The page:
Mark H. Willes

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Mark Hinckley Willes (born July 16, 1941) is a business leader who was most recently the chief executive officer of Deseret Management Corporation from 2009 to 2012.

Willes was born in Salt Lake City, Utah, to Joseph S. Willes and Ruth Hinckley. His mother was a sister of Gordon B. Hinckley. Willes graduated from West High School in Salt Lake City. He received a bachelor's degree and Ph.D. from Columbia University.

After graduating from Columbia, Willes became a professor at the Wharton School of Business and a researcher with the Philadelphia Branch of the Federal Reserve Bank. He later left Wharton and became Vice President of the Philadelphia Federal Reserve.

Willes served a term as president of the United States Federal Reserve Bank of Minneapolis from 1977 to 1980. While in this position he pushed for researchers to examine rational expectations theory. He also was often a dissenting vote in meetings of the Feds Federal Open Market Committee.[1]

He later served as an executive with General Mills where among other positions he served as president, Chief Operating Officer and eventually vice chairman of the Board of Directors. For his cost-cutting and elimination of many jobs, he was widely dubbed "The Cereal Killer".

Willes was CEO of Times Mirror Company from 1995 to 2000. He took over a company that in its central property, the Los Angeles Times, had been struggling through downsizing and declines since the start of 1990.[2] In 1997, Willes took on the additional duty of being publisher of the Los Angeles Times. In this position he tried to expand the newspapers outreach by starting a section aimed at Latino readers. At the same time he cut staffing and the extent of international coverage.[3] Willes also pushed to end the wall of separation between the business and news sides of the newspaper. He majorly increased the level of profits of the Los Angeles Times while he ran it.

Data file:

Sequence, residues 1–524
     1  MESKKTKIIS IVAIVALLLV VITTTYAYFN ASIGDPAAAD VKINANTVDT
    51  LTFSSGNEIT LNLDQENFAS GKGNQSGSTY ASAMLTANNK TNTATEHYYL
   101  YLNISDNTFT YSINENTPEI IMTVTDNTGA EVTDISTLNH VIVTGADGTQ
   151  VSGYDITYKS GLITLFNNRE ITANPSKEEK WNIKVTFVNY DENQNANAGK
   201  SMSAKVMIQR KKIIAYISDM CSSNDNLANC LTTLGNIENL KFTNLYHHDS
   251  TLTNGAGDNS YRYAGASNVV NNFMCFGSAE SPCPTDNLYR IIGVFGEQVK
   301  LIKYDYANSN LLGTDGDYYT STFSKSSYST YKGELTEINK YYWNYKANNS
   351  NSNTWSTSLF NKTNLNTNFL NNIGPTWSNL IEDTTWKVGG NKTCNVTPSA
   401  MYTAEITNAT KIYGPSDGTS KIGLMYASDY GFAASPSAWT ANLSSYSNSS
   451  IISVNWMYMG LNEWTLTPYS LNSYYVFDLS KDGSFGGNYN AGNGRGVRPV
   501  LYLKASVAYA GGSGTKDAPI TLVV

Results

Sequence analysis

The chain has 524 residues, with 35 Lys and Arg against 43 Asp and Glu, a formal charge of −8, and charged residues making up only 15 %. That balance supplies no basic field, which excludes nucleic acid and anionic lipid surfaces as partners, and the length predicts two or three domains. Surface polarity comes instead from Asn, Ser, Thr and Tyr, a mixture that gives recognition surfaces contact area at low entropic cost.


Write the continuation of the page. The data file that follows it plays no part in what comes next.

Willes is a member of The Church of Jesus Christ of Latter-day Saints (LDS Church). Willes served for almost a decade as president of the church's Minneapolis Minnesota Stake. Willes and his wife, Laura, are the parents of five children.

After the Tribune Company purchased Times Mirror, Willes retired. He then worked for about a year as a business professor at Brigham Young University (BYU). He then served from 2001 to 2004 as president of the church's Hawaii Honolulu Mission. Beginning in 2005, Willes served as chairman of the board of the Polynesian Cultural Center, having first became a member of the board in 1996.[4] He was a major donor to the construction of the canoe learning compound. BYU-Hawaii renamed their Center for International Entrepreneurship as the Mark and Laura Willes Center for International Entrepreneurship.[5]

Willes donated to BYU's Neal A. Maxwell Center for Religious Scholarship, which led to the 2007 establishment of the Laura F. Willes Center for Book of Mormon Studies, as part of the center.[6]

Notes[edit]

  1. ^ Minneapolis Federal Reserve Bank bio of Willes
  2. ^ Prochnau, William (January–February 2000). "American Journalism Review -- The State of The American Newspaper: Down and Out in L.A." ajrarchive.org. Retrieved 2019-02-15.CS1 maint: Date format (link)
  3. ^ Wired article on Willes leadership of the LA Times
  4. ^ "New chairman of PCC board", Church News, March 25, 2005.
  5. ^ Church News, October 1, 2005.[full citation needed]
  6. ^ "Willes center established", Church News, June 7, 2007.

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